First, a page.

Evidently, Berra-isms are colloquial expressions that lack logic. Many of them are just attributed to the Yankee legend Yogi Berra, even if he never actually said them. As he so perfectly put it: “I never said most of the things I said.”

In a strange way, some of them are a little funny and even ironic, which lends a certain charm. Let’s see if I can use these turns of phrase to describe my thoughts about a book, titled in a Yogi Berra quote.

“It Ain’t Over Till It’s Over.”

Is the title of a book written by Marlo Thomas, which showcases the midlife career changes of sixty women. They come from all walks of life, different backgrounds, success and challenges. There are no 2 stories which are the same, just like each person is completely different.

But, for many women, there are some similarities to how the story unfolds:

  • they have reached a point where they feel stuck, by a variety of different circumstances
  • there is fear and uncertainty about reclaiming an old dream or taking the time to create a new one
  • suffering from low expectations, often handed out by society
  • lacking good role models
  • not wanting to “rock the boat” of their shared lives with family and friends
  • it is simply to late in life to start new

“When you come to a fork in the road, take it.”

I think for many women, they either miss the fork in the road entirely or they want certainty in their lives, so they don’t choose either path. They stay the same. I certainly felt the downwards pull to stay small, certain and keep everything easy. That was for as much for my security as it was for those around me. Even when my job changed or I was promoted, it was always within the same scope, same co-workers and customers. I was never pushed way outside my comfort zone, nor did I ask for that.

Now I have so many forks in the road ahead of me, I have trouble choosing. So I don’t. I just go. I know I can always circle back and take a new path tomorrow or next week, whenever I am ready.

“You can observe a lot by just watching.”

I think this is frighteningly obvious but NOT common. People have a tendency to speak over others. Never taking the time to listen, first. Social media images and updates are all-consuming, so the importance is on the appearance of what we are doing, rather than the experience itself. We don’t notice anything, we record it. This is dangerously superficial ground. The examples we are setting are poor. Young people are not learning how to create (IRL: in-real-life) relationships which are deep and strong. Everything is fleeting.

Once I decided to start watching myself, listening to what I was feeling, I began to manifest a new confidence. This soul-searching took some time. Quite frankly the process is ongoing. Each day, I require some time to reflect, contemplate and think for myself, without external boundaries and constraints. 

“We made too many wrong mistakes.”

I have been guilty of thinking this way. On one hand, a mistake is lesson. A jumping off point to begin again. Try something else. But we often associate a negative value with a mistake. This can create destructive self talk as to the nature of our very character, or the kind of person we are. We didn’t make a mistake, we are a mistake. This is where shame lives, in this absolute way of thinking. We don’t give ourselves any wiggle room. Some of us learned this way of thinking from others or were forced to accept it along the way as our truth. It has to be unlearned.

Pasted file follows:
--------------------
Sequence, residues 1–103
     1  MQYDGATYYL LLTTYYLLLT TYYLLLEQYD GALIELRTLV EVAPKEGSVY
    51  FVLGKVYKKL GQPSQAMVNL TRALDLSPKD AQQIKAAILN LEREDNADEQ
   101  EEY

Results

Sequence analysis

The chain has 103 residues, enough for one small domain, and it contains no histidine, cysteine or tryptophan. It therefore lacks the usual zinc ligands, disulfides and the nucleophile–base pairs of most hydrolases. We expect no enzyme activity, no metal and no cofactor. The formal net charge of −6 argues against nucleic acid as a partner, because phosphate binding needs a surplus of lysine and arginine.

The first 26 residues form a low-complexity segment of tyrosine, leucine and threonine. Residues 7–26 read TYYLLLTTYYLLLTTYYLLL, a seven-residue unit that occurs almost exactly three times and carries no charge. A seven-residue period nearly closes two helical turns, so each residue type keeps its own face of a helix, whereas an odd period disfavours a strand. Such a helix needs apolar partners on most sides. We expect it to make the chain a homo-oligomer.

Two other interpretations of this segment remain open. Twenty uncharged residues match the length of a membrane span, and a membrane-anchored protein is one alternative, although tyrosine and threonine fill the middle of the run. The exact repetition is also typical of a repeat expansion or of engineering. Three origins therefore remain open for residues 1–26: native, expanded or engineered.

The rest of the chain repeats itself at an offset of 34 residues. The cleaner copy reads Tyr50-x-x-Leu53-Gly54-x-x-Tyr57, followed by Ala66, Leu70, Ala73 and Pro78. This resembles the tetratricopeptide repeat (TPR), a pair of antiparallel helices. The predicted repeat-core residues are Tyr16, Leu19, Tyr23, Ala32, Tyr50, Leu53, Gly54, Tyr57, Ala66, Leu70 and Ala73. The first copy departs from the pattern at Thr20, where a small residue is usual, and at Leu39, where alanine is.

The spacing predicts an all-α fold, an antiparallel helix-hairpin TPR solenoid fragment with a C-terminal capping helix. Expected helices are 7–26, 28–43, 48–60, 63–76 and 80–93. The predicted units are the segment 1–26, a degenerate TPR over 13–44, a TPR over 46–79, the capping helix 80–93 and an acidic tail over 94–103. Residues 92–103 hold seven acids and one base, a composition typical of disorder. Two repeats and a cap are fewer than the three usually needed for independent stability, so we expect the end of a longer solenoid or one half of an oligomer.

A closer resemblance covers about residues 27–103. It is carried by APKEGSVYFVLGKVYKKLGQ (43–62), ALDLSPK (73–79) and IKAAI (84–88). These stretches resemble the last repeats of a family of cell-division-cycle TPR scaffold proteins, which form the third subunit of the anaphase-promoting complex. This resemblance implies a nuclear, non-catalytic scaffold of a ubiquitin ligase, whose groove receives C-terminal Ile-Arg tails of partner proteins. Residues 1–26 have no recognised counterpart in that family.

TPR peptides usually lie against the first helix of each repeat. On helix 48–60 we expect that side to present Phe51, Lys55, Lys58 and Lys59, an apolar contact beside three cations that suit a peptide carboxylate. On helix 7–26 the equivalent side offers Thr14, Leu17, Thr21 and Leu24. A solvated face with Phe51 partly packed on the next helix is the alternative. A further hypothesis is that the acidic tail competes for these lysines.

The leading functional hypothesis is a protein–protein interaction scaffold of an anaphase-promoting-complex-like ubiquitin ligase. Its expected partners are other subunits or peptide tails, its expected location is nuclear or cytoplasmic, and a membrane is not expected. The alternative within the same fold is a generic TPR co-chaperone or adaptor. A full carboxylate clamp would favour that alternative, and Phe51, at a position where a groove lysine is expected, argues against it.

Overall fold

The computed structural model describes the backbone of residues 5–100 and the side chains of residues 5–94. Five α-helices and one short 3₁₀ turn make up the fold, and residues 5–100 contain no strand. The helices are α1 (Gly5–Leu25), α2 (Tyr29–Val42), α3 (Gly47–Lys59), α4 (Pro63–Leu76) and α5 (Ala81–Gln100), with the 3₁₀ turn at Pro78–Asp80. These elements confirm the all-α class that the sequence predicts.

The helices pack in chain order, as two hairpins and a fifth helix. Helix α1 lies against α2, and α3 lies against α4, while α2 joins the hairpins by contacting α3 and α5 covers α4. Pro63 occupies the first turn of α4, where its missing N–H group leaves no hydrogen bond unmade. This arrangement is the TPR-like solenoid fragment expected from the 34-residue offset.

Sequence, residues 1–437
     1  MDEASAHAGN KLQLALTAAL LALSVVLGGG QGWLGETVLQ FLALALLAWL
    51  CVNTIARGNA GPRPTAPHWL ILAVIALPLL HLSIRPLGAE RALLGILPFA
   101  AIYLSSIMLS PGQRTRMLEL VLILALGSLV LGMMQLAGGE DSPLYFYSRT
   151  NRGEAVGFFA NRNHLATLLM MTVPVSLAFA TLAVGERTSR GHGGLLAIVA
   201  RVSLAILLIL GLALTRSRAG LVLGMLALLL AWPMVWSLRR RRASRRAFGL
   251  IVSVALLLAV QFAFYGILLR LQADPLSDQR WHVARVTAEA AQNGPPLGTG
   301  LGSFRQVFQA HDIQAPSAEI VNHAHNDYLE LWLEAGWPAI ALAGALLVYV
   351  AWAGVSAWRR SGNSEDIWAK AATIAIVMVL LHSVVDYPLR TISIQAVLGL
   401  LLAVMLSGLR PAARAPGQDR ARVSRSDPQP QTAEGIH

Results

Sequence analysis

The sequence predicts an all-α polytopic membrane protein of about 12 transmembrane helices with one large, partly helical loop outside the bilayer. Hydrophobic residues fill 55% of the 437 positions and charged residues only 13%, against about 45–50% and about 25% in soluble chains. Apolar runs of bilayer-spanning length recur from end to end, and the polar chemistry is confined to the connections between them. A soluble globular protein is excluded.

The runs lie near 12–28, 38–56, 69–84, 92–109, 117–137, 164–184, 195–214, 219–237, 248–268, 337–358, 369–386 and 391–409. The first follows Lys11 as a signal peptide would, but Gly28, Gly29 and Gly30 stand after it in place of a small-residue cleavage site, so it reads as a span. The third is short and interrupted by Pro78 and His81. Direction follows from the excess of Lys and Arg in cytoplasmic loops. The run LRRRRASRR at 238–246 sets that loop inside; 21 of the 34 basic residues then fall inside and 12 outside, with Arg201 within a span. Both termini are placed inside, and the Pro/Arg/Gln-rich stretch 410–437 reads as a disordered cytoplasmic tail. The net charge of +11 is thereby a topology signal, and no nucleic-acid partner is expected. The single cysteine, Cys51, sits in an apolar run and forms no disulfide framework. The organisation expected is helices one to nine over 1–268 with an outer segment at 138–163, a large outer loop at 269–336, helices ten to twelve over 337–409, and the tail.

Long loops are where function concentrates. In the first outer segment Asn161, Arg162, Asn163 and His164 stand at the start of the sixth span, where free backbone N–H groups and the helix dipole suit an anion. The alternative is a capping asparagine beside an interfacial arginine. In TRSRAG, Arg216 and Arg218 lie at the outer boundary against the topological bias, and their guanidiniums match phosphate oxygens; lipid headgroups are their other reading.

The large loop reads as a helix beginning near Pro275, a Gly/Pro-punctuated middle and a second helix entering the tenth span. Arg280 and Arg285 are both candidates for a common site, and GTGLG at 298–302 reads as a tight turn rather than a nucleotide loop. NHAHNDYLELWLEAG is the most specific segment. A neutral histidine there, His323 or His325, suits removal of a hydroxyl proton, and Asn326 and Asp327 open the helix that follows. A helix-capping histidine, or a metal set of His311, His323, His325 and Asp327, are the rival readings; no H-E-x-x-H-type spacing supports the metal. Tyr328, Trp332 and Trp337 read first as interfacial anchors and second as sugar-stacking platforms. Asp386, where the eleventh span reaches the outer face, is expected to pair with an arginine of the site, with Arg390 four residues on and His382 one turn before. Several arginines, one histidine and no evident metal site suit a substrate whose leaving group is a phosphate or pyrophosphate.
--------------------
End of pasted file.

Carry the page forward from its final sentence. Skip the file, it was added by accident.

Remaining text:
“Never answer an anonymous letter.”

Another danger of this fabulous life we are spending so much time curating, are the comments. If you sit at a dinner table with anyone and look at them, in their eyes, nobody would say what they so easily write in digital form. There are very few exceptions where a letter, or written thought is better than a conversation. Getting the courage to have a difficult talk with someone is not easy. But we seem to spend too much time worrying about offhand remarks or comments, even from people we know and nowhere near enough time being the kind of decent human being we should be.

It is this kind of worry which stops us dead in our tracks. We know what our friends and family might say about our desire to make a major change in our lives. Or we think we do. Often, the response is not at all what we thought it would be. Which proves the point, that a conversation (IRL) is tough. And we should not assume what other people are thinking.

“You’ve got to be very careful if you don’t know where you are going, because you might not get there.”

Once the ‘reinvention generation’ of women decided their course of action, they got down to it. They researched, learned everything they could, and set goals. The made plans, soliciting help from far and wide. Once they made up their minds to go for it, they couldn’t be stopped. They knew the direction they were going and the path they wanted to take. Of course, there were twists and turns along the way, but the direction was true. 

For me, reading the stories in the book, when the end is known and success was achieved, I need to be kind to myself. I am just starting out. While I have made a big first step and I have a good sense of direction, my story is not written yet. But, the inspiration I take from other women walking ahead of me is huge! 

There may be more Berra-isms which apply, but I like these six. Hope you enjoyed them. Tell me if any others come to mind for us midlife career changers!

I welcome:

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Christine Westermark

Chief Creative enjoying life with family and friends. Wholeheartedly in loving relationships and developing amazing projects. Gratefully reading, writing and creating everyday!
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A midlife career change in Berra-isms
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